My daughter, who just turned five, is set on me inventing a new story for her each night. But it hasn’t always been this way. Last year, there was a repeating story that she insisted on hearing nightly for about two solid months. It was based on a clip I heard online, regarding teaching young children how to both protect their “private parts” and respect the “private parts” of others. Over the two months, I elaborated on the details and the story gained new elements, like a snowball gathers rocks and stones in its passage down a hill.
The final version went like this:
There once was a little girl who liked to play in the forest. She loved to play in the forest so much, but she was very sad because she always played alone. Then, one day, a beautiful white unicorn popped out from behind a tree. On its head was a gorgeous rainbow-colored horn that sparkled in the sunlight.
The unicorn said, “Hello, how are you?” and the little girl responded that she was very well and asked the unicorn if he would like to play with her. He said he would love to play with her, but that he had one rule that she must agree to before they could begin their friendship. It was this:
She could never touch his horn.
“It’s my special place,” said the unicorn, “And if you touch it, you will hurt me and make me very sad. So please don’t do it.”
The little girl agreed to this rule and they played together for many weeks in the forest. When she went to play every day and found the unicorn waiting for her, she was thrilled to finally have a friend to play with. They became very good friends. However, the problem was that the unicorn’s horn was very interesting to the little girl. Its colors and sparkles fascinated her and she couldn’t keep her eyes off of it.
One day, she felt particularly naughty and she just couldn’t help herself. She impulsively reached out and touched the unicorn’s horn and then quickly let go.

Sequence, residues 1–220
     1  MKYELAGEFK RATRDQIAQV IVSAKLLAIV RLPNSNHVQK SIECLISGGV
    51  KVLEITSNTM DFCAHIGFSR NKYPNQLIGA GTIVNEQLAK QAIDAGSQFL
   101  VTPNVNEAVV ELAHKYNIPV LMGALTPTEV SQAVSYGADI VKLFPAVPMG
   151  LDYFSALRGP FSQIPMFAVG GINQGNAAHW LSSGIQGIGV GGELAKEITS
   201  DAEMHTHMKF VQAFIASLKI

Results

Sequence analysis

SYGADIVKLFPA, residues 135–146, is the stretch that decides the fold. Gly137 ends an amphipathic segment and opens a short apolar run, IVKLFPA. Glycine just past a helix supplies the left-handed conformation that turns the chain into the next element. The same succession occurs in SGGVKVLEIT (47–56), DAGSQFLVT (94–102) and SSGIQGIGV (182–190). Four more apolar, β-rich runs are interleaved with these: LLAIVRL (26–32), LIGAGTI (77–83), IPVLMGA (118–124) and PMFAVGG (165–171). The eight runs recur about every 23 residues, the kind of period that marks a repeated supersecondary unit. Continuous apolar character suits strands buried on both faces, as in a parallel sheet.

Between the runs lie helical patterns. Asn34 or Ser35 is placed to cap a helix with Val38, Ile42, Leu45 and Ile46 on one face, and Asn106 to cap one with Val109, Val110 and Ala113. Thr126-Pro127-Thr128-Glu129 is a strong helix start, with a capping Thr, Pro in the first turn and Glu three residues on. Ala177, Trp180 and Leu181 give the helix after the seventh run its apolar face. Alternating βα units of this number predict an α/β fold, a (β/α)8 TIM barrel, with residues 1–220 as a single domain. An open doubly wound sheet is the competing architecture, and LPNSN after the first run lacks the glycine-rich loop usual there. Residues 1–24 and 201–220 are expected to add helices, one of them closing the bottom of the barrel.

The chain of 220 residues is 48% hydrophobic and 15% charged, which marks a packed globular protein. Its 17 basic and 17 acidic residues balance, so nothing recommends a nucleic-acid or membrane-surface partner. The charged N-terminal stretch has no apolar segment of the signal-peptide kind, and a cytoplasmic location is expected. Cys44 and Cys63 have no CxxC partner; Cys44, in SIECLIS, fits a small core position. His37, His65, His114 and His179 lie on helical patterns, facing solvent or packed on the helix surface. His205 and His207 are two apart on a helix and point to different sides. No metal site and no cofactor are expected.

When she did this, the unicorn cried out in pain. “Don’t do that! I told you it’s my only rule! You can’t touch my special place! That hurts me and makes me so sad.” And then the unicorn began to cry. He turned and ran away into the deep parts of the forest.
When the unicorn disappeared, the little girl also started to cry. She knew that she had done something very bad. After that, the unicorn never came back and never played with her again. She was brokenhearted to lose her friend. What’s more, she really regretted not listening to him and not being respectful of his special place.
“What does ‘respectful’ mean, Mommy?”
I learned to answer this way: “A person who is respectful does their best not to do something that will hurt someone or make them sad or angry.”
And now, even though this story is not on high repetition, I still bring it back once in awhile as a way to reinforce the point. I always add this, “You have a special place too, you know” (and I point to her “pee pee”). “No one except you can touch you down there, except Mommy when she’s helping you clean yourself in the bath.” My daughter always nods knowingly. “If anyone else ever touches you in your special place, you must tell Mommy right away.”
And like the snowball has finally reached the bottom of the hill and comes to a slow and gentle stop, my heart relaxes when I hear her say:
This article originally appeared on page 46 of beijingkids 2017 February Issue. Download the digital version here.